Thermal effects dominate the infrared and long-wavelength red parts of the visible spectrum. In essence, the damage is caused by heating, but this is only achievable at higher irradiances. Staring at the sun or strong artificial light sources like lasers can result in long-term retinal damage without eye protection.



5 Essential Color Scheme Interpretations

Woman with Oranges

The psychological effects of color significantly shape color preferences and decisions. Color associations are a useful tool for interior designers, marketers, and artists to establish a mood.

Examine the following instances of how distinct color schemes elicit various interpretations and feelings:

  • Blue
    • Different shades of blue evoke a range of feelings, from calm to remote.
    • Dark blue hues, for instance, might evoke feelings of isolation and detachment in observers.
    • In addition to being relaxing, light blue colors also signify reliability.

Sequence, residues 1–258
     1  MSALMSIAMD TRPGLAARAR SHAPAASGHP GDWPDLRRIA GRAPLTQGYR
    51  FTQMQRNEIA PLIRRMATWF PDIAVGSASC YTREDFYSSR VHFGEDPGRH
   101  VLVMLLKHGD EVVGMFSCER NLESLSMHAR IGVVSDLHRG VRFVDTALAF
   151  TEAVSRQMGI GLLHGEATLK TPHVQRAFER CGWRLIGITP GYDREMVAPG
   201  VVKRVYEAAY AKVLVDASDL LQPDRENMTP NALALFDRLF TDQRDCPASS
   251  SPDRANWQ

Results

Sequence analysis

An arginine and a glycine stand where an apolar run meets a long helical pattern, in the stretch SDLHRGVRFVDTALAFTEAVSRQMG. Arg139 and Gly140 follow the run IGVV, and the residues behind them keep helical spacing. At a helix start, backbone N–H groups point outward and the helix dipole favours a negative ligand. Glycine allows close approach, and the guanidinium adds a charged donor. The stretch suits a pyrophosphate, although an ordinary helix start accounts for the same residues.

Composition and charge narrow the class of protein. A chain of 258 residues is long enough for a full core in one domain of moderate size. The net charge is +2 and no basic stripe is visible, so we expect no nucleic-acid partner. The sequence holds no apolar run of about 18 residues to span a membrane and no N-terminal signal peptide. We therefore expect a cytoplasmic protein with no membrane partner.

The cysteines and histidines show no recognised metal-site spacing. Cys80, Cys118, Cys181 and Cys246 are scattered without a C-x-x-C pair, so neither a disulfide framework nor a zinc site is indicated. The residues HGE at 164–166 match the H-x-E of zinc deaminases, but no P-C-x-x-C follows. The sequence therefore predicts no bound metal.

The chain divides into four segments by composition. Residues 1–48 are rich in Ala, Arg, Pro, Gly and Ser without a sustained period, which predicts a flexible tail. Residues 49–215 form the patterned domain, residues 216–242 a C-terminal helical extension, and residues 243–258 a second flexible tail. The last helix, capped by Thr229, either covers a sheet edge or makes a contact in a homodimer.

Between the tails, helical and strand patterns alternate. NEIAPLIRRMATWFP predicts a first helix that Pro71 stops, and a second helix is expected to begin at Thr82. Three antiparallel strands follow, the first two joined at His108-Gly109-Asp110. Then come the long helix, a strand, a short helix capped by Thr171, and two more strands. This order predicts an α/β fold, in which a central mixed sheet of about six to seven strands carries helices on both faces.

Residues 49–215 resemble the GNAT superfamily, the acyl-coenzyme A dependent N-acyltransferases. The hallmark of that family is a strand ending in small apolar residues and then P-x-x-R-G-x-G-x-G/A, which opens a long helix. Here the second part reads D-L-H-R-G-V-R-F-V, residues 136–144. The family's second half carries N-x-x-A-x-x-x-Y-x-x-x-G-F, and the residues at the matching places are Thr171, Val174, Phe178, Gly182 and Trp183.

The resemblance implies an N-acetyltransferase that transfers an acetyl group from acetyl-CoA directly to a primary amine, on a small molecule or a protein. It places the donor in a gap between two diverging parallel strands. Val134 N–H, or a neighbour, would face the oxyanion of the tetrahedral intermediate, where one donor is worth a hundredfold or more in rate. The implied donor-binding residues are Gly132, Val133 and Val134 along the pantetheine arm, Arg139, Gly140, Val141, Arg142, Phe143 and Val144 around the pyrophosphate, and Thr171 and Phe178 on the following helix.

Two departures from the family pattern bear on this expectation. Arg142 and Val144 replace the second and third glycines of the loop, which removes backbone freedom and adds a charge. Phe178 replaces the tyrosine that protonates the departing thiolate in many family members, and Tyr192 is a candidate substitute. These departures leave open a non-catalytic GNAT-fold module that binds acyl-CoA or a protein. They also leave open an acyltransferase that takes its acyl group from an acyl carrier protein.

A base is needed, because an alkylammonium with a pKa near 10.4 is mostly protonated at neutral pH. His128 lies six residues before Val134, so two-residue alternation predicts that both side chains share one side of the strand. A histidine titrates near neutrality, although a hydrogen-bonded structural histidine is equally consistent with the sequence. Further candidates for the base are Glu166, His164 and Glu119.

• To calm nervous patients, medical offices frequently paint their walls light blue.
    • Light blue is actually a popular color choice for logos, infographics, and website designs used by organizations as a branding tool.


  • Green
    • Green evokes calmness and renewal because of its links with the natural world.
    • Surrounding yourself with green accents can create a peaceful and positive atmosphere since green colors reflect a range of earthy tones.
    • However, in other literary contexts, green denotes feelings of contempt and envy.


  • Purple
    • Purple has been connected to wealth, power, and royalty throughout history.
    • Purple color palettes are also associated with imagination, creativity, and inspiration.
    • Lavender and other pastel purple tones are soothing colors.


  • Red